A two-tier ERP approach allows each business unit to have its own ERP system tailored to its specific needs. This enables greater flexibility and customization, as each system can be designed to meet the unique requirements of the business unit.
2. Improved efficiency
By consolidating financial data across the organization, a two-tier ERP system can help improve efficiency in financial processes. This enables companies to make faster and more informed decisions based on real-time data.
3. Reduced costs
Implementing a two-tier ERP system can be more cost-effective than implementing a single Tier 1 system. Tier 2 systems are typically more affordable, and implementing them at the business unit level can help reduce costs associated with customization and maintenance.
In many cases, a two-tier system has a lower overall total cost of ownership because the time to implement is reduced. Research has found that companies can see a 33% reduction in implementation costs and a 50% decrease in total time to full implementation when using a two-tier system over a one-tier.
4. Better compliance
With a two-tier ERP system, companies can ensure that each business unit is compliant with local regulations and reporting requirements. This helps reduce the risk of non-compliance and associated penalties.
This is crucial right now, with as many as 70% of organizations saying that they struggle with compliance and regulatory issues in some way.
5. Improved collaboration
A two-tier ERP system enables greater collaboration between business units and departments. It provides a consolidated view of financial data across the organization, enabling better communication and collaboration between teams.
How do you implement two-tier ERP?
Effectively implementing a two-tier ERP system requires careful planning and execution. If you’ve not done this before, it can feel like a daunting task, but don’t worry. Below, we’ve broken down the process step-by-step to help get you started.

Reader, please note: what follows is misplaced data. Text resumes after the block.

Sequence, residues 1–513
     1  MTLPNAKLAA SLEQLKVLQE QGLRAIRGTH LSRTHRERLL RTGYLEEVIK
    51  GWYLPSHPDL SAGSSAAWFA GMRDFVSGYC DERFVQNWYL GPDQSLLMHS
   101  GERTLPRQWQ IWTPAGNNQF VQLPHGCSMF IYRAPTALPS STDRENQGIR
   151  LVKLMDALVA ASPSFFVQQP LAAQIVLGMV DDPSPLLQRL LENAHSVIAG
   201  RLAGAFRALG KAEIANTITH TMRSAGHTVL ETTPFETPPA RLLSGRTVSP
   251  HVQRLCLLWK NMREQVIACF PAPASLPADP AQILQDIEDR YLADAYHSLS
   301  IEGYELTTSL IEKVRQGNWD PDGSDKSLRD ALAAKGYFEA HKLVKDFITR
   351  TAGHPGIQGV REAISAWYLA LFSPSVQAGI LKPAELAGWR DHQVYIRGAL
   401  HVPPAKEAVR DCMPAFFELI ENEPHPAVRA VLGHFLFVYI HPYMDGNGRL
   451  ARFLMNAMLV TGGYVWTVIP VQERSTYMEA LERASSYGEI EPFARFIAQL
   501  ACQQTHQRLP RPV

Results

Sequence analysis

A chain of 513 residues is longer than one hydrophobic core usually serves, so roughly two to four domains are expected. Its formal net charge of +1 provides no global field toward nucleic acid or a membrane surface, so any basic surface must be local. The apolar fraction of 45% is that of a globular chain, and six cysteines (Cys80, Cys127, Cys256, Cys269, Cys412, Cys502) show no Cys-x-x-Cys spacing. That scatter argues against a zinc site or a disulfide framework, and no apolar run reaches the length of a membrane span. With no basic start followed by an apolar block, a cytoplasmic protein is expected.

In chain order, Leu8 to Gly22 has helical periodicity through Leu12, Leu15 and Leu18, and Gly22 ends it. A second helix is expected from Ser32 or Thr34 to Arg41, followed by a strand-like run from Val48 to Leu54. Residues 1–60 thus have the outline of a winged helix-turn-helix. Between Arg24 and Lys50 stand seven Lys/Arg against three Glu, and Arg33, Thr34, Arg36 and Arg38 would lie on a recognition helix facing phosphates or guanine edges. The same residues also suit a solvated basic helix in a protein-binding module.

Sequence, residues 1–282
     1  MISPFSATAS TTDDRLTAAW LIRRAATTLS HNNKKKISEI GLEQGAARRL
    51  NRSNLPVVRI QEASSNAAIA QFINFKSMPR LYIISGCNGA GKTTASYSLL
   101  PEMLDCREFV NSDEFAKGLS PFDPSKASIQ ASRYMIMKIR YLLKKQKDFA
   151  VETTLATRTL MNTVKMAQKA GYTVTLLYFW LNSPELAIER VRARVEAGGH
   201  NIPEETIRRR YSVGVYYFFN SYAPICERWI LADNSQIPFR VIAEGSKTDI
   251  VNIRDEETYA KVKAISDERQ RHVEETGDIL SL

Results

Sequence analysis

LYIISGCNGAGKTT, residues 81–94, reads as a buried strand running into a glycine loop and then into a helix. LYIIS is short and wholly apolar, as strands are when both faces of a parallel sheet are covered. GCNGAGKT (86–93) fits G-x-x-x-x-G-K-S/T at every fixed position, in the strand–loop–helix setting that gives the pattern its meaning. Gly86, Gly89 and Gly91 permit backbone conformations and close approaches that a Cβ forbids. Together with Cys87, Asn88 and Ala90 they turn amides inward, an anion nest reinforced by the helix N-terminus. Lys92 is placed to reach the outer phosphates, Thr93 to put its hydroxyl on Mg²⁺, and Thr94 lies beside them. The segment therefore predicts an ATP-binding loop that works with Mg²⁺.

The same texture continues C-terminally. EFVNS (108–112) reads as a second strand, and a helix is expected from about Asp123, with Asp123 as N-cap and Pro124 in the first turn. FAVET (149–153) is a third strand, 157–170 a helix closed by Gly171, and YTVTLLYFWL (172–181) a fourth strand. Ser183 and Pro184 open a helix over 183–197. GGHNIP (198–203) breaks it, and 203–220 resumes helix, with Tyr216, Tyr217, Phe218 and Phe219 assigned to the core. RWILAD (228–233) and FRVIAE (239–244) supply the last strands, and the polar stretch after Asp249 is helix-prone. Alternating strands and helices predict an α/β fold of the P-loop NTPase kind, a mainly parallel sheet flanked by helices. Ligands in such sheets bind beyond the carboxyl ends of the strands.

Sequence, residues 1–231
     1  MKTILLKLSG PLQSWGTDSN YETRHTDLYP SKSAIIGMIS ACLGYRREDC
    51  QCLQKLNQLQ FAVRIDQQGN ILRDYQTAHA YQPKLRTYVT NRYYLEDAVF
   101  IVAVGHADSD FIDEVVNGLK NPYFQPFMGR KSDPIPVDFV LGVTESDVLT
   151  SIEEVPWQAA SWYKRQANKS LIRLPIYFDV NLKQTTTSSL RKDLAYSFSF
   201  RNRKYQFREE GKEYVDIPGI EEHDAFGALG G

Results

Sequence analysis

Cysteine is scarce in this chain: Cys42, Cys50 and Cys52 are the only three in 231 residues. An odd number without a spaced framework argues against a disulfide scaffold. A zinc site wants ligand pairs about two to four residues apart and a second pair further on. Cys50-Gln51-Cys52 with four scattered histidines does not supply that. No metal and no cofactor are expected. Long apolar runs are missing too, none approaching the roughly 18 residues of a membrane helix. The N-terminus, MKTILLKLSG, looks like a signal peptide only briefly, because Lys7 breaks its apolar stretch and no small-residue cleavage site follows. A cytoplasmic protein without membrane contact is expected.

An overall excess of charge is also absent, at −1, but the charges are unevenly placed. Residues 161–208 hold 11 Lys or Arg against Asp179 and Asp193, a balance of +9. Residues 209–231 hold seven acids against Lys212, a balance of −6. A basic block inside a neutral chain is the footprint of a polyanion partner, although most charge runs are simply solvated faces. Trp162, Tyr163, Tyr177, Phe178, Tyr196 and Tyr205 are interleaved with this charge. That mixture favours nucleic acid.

Define your requirements
The first thing you need to do is define your company's financial requirements and identify the specific processes that each business unit needs to manage. This will help you to weigh up different features and choose the best ERP systems for your organization when the time comes.
Choose your ERP systems
When you're ready, choose a Tier 1 ERP system for the corporate level and a Tier 2 ERP system for the business unit level. You need to make sure that both systems are able to integrate with each other for this strategy to be successful.
Customize your systems
Once you’ve got your new ERP systems in place, you can begin to customize these to meet the specific requirements of each business unit. You must ensure that the systems are configured to share data seamlessly.
Train your users
Now it’s time to train your users on how to use the new ERP systems and ensure that they clearly understand the benefits of a two-tier approach like this. Continue with training and development until everyone is comfortable with the new system.
Monitor and evaluate
The final step is to monitor the performance of the new systems and evaluate their effectiveness in meeting your company's financial requirements. By continually reviewing these, you can make adjustments as necessary.
Managing financial processes across multiple business units and locations can be a complex and challenging task for any business. Implementing a two-tier ERP system can help alleviate these challenges and provide greater flexibility, efficiency and customization. However, before adopting a two-tier ERP approach, you need to carefully evaluate your company's requirements and choose the ERP systems that best meet your needs.